Guarding Substrates Against Corrosion

June 14, 2010

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Corrosion is the chemical reaction between materials and their surroundings. It is a destructive process that causes structural disintegration. Knowing how surface materials corrode can help in protecting them against their corrosive environment. Corrosion-resistant coatings systems can be identified that are appropriate to the type of corrosion that the materials are vulnerable to.

Here are some of the known types of corrosion:

1. Rusting

Also known as electrochemical corrosion, rusting is the result of the reaction of metals when exposed to oxidizing agents such as oxygen. Oxidants attack the iron atoms in vulnerable metal surfaces. Parts of the metal surface became casualties of the process, turning into oxides of iron and salts. These new materials are visible as rust.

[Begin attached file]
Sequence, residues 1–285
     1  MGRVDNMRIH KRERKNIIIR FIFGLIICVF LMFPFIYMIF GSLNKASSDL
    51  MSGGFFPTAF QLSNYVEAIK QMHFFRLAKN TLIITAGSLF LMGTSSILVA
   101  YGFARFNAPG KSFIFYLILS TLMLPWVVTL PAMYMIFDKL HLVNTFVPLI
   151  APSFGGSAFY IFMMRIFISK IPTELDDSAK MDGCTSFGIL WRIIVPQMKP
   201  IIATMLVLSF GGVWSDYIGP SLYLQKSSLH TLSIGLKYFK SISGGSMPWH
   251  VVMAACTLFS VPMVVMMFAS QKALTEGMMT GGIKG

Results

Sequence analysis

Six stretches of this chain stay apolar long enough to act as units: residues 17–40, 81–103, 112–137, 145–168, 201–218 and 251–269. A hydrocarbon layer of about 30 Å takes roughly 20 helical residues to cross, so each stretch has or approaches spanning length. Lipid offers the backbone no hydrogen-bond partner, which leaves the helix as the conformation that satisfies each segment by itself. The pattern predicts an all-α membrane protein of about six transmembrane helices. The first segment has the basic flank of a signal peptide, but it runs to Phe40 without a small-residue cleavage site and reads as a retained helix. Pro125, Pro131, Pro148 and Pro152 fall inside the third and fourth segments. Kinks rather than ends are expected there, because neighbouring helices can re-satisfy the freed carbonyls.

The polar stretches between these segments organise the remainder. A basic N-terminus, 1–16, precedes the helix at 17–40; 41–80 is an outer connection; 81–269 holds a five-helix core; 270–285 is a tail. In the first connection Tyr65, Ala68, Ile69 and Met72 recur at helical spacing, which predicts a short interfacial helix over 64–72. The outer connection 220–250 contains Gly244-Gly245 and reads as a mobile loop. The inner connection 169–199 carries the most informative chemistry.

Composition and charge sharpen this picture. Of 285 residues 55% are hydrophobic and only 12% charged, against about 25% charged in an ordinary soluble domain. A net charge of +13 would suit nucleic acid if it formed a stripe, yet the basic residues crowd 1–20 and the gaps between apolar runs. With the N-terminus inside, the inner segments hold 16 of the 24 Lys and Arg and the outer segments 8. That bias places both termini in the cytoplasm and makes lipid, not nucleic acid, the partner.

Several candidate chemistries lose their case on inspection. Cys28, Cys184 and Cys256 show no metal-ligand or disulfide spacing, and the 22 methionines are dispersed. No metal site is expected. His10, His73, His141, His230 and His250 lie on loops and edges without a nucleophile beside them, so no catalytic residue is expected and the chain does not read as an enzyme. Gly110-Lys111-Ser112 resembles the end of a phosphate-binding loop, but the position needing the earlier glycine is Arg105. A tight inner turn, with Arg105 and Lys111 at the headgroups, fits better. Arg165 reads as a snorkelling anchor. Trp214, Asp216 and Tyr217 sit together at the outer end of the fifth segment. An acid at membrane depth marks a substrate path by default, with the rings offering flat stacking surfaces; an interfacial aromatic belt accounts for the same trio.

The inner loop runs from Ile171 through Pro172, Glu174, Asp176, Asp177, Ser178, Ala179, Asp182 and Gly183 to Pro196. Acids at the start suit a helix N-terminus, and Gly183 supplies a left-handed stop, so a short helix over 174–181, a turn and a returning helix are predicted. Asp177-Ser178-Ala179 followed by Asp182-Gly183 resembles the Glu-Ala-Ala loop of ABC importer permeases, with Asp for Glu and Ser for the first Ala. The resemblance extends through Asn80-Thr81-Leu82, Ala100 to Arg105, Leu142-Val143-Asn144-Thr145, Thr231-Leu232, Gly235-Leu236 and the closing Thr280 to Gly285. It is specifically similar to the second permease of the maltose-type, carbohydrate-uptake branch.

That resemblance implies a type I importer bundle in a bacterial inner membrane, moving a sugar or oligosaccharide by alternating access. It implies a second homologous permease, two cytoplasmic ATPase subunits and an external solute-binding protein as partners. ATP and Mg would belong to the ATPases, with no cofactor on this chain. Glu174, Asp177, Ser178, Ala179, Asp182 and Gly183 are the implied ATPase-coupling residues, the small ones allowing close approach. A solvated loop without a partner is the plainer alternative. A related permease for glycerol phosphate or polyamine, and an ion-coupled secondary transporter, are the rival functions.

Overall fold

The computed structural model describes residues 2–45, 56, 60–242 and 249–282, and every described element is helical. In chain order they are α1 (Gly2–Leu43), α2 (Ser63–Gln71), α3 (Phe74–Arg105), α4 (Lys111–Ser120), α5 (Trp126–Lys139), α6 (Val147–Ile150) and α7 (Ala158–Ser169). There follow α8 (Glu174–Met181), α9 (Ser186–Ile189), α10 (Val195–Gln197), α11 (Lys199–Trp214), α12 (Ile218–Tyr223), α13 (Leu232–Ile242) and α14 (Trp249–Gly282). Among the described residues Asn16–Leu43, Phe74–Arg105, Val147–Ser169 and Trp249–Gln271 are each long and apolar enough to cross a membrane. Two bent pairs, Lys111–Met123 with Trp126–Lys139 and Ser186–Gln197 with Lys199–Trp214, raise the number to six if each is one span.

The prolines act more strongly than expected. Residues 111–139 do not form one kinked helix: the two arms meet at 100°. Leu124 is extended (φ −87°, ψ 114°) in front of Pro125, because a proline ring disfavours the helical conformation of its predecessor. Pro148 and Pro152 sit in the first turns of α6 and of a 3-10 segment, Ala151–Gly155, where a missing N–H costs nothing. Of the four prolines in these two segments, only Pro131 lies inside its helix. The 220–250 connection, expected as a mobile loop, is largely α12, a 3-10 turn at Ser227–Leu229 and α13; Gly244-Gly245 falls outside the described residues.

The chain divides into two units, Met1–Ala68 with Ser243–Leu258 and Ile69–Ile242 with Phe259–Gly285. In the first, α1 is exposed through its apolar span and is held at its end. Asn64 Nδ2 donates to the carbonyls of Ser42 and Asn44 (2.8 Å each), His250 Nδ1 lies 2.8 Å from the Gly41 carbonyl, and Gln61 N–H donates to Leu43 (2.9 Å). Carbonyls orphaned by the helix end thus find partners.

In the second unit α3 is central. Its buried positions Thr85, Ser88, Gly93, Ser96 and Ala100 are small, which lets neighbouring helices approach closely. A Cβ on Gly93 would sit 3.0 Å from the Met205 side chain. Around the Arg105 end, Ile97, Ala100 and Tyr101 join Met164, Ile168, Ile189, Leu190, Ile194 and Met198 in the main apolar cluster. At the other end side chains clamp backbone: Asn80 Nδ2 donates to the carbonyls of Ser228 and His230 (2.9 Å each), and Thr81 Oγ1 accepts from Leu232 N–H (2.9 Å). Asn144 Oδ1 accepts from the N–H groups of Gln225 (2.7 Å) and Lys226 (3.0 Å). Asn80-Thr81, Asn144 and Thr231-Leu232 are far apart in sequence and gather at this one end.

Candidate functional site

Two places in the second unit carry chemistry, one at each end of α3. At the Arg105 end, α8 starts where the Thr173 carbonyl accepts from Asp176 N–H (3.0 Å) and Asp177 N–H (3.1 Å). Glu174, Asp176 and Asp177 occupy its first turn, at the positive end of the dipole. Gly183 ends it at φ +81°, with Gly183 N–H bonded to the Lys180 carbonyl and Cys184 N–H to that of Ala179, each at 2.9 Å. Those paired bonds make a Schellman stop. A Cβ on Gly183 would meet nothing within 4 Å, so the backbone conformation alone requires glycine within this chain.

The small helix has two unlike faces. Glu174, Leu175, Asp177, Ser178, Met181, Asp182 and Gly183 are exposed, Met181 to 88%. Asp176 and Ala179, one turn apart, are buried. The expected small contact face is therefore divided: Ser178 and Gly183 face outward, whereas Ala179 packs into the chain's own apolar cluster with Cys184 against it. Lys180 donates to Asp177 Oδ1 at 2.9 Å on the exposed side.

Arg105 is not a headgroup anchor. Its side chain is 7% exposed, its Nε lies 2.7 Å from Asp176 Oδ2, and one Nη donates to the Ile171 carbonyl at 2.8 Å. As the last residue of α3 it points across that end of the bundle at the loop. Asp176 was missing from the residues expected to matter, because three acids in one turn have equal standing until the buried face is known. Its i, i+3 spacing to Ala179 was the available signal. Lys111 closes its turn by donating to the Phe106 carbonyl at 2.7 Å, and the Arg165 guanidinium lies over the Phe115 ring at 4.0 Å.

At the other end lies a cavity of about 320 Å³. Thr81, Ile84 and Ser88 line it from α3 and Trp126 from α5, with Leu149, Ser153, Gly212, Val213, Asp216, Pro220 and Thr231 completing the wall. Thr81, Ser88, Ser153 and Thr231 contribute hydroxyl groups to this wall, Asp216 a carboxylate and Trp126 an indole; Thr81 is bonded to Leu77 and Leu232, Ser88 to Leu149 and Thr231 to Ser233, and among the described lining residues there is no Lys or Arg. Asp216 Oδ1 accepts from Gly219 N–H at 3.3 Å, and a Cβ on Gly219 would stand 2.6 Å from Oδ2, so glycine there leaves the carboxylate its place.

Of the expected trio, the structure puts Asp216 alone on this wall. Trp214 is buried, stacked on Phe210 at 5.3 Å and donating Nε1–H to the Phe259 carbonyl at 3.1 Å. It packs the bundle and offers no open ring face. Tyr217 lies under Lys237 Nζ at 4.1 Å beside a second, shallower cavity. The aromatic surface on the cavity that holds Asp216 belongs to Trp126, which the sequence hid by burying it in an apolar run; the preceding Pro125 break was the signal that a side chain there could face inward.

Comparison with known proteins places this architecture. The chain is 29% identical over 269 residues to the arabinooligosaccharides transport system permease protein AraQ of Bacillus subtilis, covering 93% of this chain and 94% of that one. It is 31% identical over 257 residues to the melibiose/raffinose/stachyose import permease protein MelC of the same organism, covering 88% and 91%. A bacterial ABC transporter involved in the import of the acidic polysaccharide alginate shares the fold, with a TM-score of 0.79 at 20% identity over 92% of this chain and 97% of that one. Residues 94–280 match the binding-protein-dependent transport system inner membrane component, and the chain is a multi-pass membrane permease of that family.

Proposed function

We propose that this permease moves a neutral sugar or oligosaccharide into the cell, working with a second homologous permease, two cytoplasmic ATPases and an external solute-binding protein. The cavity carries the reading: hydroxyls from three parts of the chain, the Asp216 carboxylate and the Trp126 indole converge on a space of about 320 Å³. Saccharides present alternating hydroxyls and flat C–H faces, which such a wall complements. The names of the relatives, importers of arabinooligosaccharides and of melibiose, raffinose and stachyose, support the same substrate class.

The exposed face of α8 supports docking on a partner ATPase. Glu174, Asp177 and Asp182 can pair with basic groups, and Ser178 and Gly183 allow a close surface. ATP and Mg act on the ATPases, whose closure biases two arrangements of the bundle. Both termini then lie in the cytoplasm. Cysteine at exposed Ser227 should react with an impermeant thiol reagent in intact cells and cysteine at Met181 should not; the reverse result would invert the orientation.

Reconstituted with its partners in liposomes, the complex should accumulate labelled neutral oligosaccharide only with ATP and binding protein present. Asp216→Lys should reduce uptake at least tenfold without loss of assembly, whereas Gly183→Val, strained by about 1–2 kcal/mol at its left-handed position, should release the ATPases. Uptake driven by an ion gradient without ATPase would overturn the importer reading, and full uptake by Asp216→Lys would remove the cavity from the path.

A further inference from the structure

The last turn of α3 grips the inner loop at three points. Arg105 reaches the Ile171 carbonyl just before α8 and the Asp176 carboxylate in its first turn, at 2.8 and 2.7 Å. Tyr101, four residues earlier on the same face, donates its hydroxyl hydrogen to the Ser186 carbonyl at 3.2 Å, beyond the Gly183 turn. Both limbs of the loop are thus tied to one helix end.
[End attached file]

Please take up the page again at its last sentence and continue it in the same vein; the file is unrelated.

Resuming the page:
2. Galvanic corrosion

Different-type metals can take part in galvanic preferential corrosion when exposed to electrolytes. Metals have varying electrode potentials. A conducting path can be created that causes ionic migration from the anodic metal to the cathodic metal. The anodic metal corrodes at a faster speed than the “noble” cathodic metal. The latter may even stop corroding at some point. Corrosion-resistant coatings to prevent galvanic corrosion are of particular importance to the marine industry.

3. Microbial corrosion

Bacterial corrosion occurs with the aid of microorganisms. Feeding on oxygen, some microorganisms can directly oxidize iron materials. Biogenic sulfide corrosion is due to bacteria oxidizing sulfur to produce sulfuric acid. Bacterial concentration cells can also enhance galvanic corrosion by feeding on the by-products of the ongoing corrosion process.

4. Corrosion due to high temperatures

A high temperature environment, together with oxidizing agents like sulfur or oxygen, can trigger the oxidation process that corrodes the metal surface. This type of corrosion particularly concerns the power, aviation and automobile industries, where materials are often subjected to long periods of intense heat.

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